and the people of Europe rejoicing is a sarcastic comment?

  11. Kent said,

    Yes, WWI, and not at all – people were delighted that war had begun:

    I can’t watch them because I don’t have Media Player and perhaps you don’t either, but I’ve seen similar clips (or perhaps the same) in docos.

    It was the same in London.

  12. Deirdre said,

    Why were they happy war had begun? Did they just not realise what they were in for?

    And Kent, did you write “The grenade bounced off…” or quote it? It’s a fine piece of writing – very clear.

  13. Kent said,

    Paraphrased it down from an account about three times as long… I always put quotes in quotation marks!

  14. Deirdre said,

    Good job, then. It reads really well.

  15. Kent said,

    Well, one minor reason they were happy was that tension had been building for an entire month on top of years of poised alliances – the declaration finally brought the ‘end’ of the tension in sight.

    But the main reason we are surprised is the one you gave – that we have the benefit of hindsight. World War One was – if we ignore the American Civil War, which we can – the first ‘modern’ war. The first war with machine guns in wide use. The citizenry had no idea what was going to happen. The last major European war, the Franco-Prussian War of 1870-71, lasted six months and resulted in 174,000 deaths, mostly French, and a lot of glory for the Germans (they occupied Paris).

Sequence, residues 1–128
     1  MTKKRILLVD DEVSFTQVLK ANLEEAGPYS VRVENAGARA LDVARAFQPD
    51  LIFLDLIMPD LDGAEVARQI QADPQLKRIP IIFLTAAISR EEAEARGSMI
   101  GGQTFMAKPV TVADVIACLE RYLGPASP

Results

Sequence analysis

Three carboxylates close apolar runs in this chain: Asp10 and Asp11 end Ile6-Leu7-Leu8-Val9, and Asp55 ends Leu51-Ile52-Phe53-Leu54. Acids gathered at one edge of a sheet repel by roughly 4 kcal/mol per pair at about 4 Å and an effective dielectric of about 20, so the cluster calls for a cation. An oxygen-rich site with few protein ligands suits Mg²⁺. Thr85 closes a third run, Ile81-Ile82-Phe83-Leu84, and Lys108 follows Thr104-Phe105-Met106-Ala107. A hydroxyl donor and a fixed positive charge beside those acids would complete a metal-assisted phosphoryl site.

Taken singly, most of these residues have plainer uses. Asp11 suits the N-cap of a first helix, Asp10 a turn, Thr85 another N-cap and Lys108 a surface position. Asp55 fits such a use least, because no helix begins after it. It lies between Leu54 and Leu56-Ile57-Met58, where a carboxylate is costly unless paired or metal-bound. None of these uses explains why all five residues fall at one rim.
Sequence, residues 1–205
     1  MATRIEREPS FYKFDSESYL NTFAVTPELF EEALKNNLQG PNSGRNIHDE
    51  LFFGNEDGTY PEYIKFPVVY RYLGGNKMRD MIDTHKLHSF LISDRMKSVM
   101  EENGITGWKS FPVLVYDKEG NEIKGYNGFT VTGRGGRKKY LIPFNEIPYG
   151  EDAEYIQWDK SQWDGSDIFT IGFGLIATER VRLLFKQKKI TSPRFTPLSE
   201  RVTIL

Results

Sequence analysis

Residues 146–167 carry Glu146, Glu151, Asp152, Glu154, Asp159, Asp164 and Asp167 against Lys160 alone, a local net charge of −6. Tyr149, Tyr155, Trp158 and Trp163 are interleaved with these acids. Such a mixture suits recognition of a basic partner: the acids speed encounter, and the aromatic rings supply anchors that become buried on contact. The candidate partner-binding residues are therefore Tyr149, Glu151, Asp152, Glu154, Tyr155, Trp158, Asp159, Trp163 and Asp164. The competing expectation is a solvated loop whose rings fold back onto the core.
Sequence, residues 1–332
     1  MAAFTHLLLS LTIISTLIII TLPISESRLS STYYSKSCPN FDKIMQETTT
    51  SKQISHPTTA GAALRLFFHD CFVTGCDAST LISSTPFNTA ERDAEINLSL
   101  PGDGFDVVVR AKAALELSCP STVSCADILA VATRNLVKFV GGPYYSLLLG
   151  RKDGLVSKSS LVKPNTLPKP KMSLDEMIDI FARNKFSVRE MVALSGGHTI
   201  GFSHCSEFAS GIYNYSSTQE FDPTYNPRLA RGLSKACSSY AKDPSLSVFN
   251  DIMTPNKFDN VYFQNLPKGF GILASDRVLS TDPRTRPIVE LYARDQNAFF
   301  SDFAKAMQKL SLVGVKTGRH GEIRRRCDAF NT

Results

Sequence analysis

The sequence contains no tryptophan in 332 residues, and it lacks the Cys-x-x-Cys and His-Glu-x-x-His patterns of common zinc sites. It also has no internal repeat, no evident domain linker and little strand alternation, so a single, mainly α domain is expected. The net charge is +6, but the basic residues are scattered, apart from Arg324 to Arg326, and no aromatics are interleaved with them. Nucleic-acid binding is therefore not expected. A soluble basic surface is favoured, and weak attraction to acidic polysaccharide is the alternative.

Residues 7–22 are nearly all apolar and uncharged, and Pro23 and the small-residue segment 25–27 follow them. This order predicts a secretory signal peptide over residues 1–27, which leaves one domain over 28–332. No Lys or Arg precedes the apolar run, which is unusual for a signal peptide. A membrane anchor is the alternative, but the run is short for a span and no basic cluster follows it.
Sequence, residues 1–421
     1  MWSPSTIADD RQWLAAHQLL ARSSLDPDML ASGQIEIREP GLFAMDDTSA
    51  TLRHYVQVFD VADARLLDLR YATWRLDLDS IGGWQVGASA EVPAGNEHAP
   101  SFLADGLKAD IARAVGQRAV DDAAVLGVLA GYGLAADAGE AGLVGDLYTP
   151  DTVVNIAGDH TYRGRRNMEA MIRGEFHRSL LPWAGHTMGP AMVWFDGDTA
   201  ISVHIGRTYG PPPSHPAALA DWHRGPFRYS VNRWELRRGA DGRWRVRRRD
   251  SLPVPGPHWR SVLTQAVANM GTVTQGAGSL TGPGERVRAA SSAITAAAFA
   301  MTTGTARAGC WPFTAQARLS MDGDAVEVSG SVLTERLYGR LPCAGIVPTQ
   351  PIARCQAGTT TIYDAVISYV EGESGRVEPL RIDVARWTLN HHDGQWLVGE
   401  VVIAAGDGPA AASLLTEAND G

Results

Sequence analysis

So, the people in the streets expected the war to be like that – no longer than six months. They couldn’t foresee the trenches or the endless mowing down of men with machine guns.

    Why not be happy? Dulce et decorum est pro patria mori.

  16. Deirdre said,

    Translation of that last bit for dopeys please?

    Has it occurred to you that if we were living in those times, you two might have been involved in that war? I suppose it has, but it seems shocking to me. To board a ship in Australia in those days and sail away, probably hoping for adventure and heroism, and then to meet with the reality on the other side of the world…

  17. toto said,

    If I was born back then I would probably know no better. I can fully see myself jumping on the ship, ready for adventure, ready for fun.

    But I like to think I have more brains than that. Educated as I am now, I would be a conscientious objector. I didn’t realise that this movement was started in WWI until I came across this site earlier tonight.

  18. Kent said,

    Of course; I think I would be on the ship too, albeit with a somewhat different attitude.